If you’re a Twitter user, you’ve likely used one or another of the URL shorteners out there. Even if you’re not, you may have run across a shortened URL. The first shortener I encountered, several years ago, was tinyurl.com, but there plenty of them, including bit.ly, tr.im, qoiob.com, tinyarrow.ws, tweak, and many others.
The way they work is that you go to one of them and enter a URL — say, the URL for this page you’re reading:
On the other hand, it will also hide the URL that it points to. When you look at the bit.ly link above, you have no idea where it will take you. Maybe it’ll be to one of these august pages, maybe it will be to a New York Times article, maybe to a YouTube video, and maybe to a page of pornography. Click on a shortened URL at your own peril.
In addition, any URL you post, long or short, might eventually disappear (or, perhaps worse, point to content that differs from what you’d meant to link to), but if you post a load of shortened URLs to your blog or Twitter stream and then the service you used goes out of business, all your links will break at once. That didn’t used to happen, but can now. And because some of them use country-code top-level domains (.ly, .im, .tk, and .ws, for example), the services may be subject to disruption for other reasons — one imagines that the Isle of Man and Western Samoa might be stable enough, but if you’ve been watching the news lately you might be less sanguine about Lybia.
The more popular URL shorteners can also collect a lot of information about people’s usage patterns, using cookies to separate the clicks from distinct users. If they can get you to sign up and log in, they can also connect your clicks to your identity. There are definite privacy concerns with all this. URL shorteners run by bad actors can include mechanisms for infecting computers with worms and viruses before they send you on to the target site.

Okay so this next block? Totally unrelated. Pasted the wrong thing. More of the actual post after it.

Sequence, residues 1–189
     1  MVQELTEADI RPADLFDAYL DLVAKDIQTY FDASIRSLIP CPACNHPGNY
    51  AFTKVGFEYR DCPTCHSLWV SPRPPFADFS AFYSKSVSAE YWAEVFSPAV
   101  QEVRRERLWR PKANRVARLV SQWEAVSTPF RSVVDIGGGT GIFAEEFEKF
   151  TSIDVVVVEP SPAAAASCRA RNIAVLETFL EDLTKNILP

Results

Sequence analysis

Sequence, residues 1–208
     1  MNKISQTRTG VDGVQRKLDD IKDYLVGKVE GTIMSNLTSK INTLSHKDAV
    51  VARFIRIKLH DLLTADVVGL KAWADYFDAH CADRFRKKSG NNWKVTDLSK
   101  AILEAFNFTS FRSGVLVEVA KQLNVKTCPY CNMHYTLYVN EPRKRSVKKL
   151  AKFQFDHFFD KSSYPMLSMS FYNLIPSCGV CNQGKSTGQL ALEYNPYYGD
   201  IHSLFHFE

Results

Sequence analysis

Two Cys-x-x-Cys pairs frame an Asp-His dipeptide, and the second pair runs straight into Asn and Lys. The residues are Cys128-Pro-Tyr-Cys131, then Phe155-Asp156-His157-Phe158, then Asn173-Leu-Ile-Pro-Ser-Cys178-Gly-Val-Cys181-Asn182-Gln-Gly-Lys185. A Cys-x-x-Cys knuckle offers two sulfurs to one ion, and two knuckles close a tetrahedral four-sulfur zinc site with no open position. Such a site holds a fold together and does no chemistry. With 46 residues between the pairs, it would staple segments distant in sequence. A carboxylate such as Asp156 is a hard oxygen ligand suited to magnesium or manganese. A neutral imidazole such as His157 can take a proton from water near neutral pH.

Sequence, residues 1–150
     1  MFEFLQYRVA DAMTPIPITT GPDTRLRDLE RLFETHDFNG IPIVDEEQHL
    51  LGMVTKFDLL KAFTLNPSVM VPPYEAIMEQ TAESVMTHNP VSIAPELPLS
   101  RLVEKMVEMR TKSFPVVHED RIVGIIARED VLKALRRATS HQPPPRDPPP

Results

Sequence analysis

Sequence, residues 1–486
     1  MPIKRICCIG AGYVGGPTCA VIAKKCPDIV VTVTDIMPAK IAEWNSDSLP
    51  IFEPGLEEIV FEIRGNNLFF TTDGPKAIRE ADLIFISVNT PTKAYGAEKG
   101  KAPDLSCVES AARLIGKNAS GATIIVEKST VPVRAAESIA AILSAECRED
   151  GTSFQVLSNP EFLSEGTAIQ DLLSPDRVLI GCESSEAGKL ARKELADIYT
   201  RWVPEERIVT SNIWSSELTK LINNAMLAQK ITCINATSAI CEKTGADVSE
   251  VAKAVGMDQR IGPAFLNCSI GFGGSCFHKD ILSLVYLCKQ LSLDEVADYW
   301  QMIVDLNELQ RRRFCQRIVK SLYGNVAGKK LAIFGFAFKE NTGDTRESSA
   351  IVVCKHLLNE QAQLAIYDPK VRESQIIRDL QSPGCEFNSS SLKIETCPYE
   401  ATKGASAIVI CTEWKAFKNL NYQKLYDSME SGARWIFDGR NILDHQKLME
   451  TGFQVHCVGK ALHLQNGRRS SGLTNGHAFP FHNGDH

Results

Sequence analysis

Of course, any URL can hide a redirect, and any URL can hide a redirect to a page you’d rather not visit. It’s just that URL shorteners are designed to hide redirects, and there are no lists of “best practices” for these services, along with lists of reputable shorteners that follow the best practices.
What would best practices for URL shortening services look like? Some suggestions, from others as well as from me:
- Publish a usage policy that includes privacy disclosures and descriptions, parameters, and limitations for other items such as the ones below.
- Provide an open interface to allow browsers to retrieve the target URLs without having to visit them. This allows browsers to display the actual target URL on mouse-over or with a mouse click. Of course, shortening-service providers might not want you to be able to snag the URL without clicking, because they may be getting business from the referrals. Services such as Facebook, while not “shorteners”, front-end the links posted on their sites for this reason. So we have a conflict between the interests of the users and the interests of the services.
- Filter the URLs you redirect to, refusing to redirect to known illegal or abusive sites. Provide intermediate warning pages when the content is likely to be offensive, but not at the level of blocking.
- Provide a working mechanism for people to report abusive targets, and respond to the reports quickly.
- Don’t allow the target URL to be changed after the short link is created.
- Related to the previous item, develop some mechanism to address target-page content changes. This one is trickier, because ads and other incidental content might change, while the intended content remains the same. It’s not immediately clear what to do, or whether there’s a good answer to this one.
Meanwhile, I never use URL shorteners to create links, and I try to avoid visiting links that are hidden behind them. I like to know where I’m clicking to.